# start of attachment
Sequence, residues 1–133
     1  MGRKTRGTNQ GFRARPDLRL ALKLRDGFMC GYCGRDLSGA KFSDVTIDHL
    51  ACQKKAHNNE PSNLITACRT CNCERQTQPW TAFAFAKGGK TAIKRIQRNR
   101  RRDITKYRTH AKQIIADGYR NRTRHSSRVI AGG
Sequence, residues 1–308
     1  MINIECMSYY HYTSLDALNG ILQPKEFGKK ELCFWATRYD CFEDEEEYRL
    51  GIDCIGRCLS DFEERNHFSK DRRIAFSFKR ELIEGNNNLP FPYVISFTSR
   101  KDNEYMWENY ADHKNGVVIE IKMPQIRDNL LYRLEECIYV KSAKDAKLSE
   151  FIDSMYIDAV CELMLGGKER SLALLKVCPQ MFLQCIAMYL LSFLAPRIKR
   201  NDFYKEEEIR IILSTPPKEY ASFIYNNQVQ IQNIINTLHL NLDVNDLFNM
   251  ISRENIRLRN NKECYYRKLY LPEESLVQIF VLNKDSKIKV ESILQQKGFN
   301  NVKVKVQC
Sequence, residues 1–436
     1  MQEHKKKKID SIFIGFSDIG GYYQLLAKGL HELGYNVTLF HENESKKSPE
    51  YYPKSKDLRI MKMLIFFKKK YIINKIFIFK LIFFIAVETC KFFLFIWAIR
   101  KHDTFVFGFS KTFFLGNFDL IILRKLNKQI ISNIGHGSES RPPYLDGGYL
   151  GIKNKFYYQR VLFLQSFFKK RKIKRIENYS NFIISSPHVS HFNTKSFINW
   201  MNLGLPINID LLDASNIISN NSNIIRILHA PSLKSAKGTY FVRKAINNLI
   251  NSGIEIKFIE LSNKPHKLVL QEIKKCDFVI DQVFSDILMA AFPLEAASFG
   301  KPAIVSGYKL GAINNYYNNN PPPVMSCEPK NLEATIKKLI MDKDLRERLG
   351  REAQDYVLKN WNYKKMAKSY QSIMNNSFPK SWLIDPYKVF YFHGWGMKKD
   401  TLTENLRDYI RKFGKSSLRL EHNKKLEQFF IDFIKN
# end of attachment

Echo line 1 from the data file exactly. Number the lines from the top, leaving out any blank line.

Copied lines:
Sequence, residues 1–133